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The Jackson Four on Tour
Operation 'sell Pegasus of Jersey' begins""
Surfing Santa Cruz
06/21/2011, Santa Cruz, Galapagos

We're here! We arrived about an hour before sunset, telling Tuomo our agent that we were here. "Yeah, that's great. Just to let you know the swell is quite bad at the moment, so you may want to put out a stern anchor when you arrive." It's certainly not the calmest anchorage we have been in. We set about putting two anchorages down - the normal one at the front and then a stern one at the back (that doesn't mean he's angry - stern means back of boat, for all you land lubbers) This keeps us into the swell - or should I say surf? - whilst the wind is trying to push us sideways. If that doesn't sound nice, it's not. But here in Galapagos, the restrictions for yachts are such that we cannot anchor anywhere else so we're stuck here for the next two weeks. Lars from Yacht Luna came over to greet us and pick up his chartplotter that arrived by Pegasus Post (a much quicker and more reliable option than airmail via Equador!) and then warned us that their bridle on their anchor snapped and another yacht had been hit by one of the big boats whose anchor had dragged, so to be careful.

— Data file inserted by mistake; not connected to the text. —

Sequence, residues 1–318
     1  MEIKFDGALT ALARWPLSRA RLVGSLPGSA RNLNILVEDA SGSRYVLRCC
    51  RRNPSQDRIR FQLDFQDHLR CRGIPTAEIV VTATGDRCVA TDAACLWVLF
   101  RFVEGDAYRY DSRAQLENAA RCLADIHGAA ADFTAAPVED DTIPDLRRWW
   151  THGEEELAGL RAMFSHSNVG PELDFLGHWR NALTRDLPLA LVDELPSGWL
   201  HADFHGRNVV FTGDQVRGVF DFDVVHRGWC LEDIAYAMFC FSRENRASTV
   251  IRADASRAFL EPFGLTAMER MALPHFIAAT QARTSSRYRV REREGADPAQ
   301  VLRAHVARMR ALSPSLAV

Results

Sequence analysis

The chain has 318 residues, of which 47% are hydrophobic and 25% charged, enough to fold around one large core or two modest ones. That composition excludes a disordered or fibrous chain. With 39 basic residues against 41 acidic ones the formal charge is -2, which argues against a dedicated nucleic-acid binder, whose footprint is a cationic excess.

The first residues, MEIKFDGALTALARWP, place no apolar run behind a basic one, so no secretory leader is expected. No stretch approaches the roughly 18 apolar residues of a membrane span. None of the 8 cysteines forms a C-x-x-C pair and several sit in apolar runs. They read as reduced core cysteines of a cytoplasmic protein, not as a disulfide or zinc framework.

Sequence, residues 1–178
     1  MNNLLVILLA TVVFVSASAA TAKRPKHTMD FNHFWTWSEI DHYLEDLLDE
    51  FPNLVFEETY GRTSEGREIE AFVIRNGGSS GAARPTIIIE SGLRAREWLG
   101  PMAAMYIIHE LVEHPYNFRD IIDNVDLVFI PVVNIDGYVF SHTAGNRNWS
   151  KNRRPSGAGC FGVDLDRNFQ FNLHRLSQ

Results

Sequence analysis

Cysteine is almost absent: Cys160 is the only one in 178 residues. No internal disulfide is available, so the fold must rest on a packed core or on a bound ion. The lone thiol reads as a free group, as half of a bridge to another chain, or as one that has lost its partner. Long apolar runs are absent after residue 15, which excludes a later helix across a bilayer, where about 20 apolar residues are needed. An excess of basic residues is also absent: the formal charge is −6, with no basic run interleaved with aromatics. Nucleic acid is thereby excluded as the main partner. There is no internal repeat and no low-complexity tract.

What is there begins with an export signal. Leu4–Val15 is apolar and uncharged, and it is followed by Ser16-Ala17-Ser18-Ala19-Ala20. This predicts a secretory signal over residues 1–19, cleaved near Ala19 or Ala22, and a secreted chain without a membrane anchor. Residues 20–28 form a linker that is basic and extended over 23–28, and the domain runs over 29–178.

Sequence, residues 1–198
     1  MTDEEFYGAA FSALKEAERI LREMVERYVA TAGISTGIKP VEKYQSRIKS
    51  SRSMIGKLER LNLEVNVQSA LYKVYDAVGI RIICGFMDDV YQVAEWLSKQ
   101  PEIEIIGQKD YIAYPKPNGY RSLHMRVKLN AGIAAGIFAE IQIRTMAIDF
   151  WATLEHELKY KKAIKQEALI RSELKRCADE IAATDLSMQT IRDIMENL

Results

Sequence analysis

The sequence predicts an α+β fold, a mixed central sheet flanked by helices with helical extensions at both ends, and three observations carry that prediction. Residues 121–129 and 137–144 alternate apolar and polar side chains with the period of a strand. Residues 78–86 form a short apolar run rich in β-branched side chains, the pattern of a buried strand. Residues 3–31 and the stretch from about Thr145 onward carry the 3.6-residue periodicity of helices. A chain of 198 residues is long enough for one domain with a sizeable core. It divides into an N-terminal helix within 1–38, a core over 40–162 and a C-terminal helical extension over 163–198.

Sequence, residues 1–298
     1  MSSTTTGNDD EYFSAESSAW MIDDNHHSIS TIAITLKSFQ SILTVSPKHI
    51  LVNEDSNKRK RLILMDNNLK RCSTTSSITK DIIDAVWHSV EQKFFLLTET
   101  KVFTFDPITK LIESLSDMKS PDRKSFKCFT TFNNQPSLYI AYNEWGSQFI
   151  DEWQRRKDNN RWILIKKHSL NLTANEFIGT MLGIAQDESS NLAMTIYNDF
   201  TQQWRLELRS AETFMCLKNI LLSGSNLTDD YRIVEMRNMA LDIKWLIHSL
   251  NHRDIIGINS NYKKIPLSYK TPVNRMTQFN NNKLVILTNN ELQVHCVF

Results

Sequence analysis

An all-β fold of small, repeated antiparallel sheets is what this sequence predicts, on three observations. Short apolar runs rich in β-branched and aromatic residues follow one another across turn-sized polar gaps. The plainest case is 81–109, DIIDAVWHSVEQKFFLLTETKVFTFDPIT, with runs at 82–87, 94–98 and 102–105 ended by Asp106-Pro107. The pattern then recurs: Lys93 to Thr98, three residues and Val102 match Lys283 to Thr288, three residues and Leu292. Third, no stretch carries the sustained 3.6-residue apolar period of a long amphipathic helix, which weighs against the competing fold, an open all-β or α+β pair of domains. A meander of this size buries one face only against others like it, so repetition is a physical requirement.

The next day, our bridle on our anchor snapped, so it has been replaced with mooring line sized ropes, with chafe guards. Mark stayed on the boat to check that the anchor was holding whilst the kids I and went to ashore to get the heads up from Tuomo about checking in and the touristy stuff. Once Mark felt happy, he ventured over to Luna to help Lars diagnose an electrical problem in the solar panels, which they did. Luna took us out for a meal to say thank you which was really really lovely and after the initial 'I can't talk to them, I don't speak Danish' the kids had a great time with Nana (12) Emil (9) and Jacob ( 7) running about in the streets whilst the parents compared notes. A lovely evening followed back by a trip in the water taxi (not brave enough yet to negotiate the swell in the tender yet!) and a leap of faith back onto Pegasus when the waves are right. Yikes!

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Heading in the right direction

18 June 2011

It's just been a clearing up kind of day; you know, chucking the flying fish off the boat (6) squid (2) and general fish bones and detritus that those pesky gulls left behind on the coach roof. Honestly, it just goes to show that wherever you are in the world, gulls make a mess. Pegasus has been flying along at about 6.5knots in the right direction, so we all feel better, though it is rough. At this rate (famous last words!) we will be dropping anchor before sunset on Monday evening. 10 days after all. It's hard to know what to write now; this is probably very boring but I'll ramble on with my thoughts for a wee while longer and let you into a few secrets. Like how I have taken to cooking on my night watch and talk to an imaginary camera, pretending I am on a cookery TV programme. Did I just admit that?! Like how I made Lochy do an extra page of maths because he stole from my secret stash of sweets. And how I made my worst loaf of bread this trip today. But shhhh don't tell anyone. Current post: 01.07N 86.04W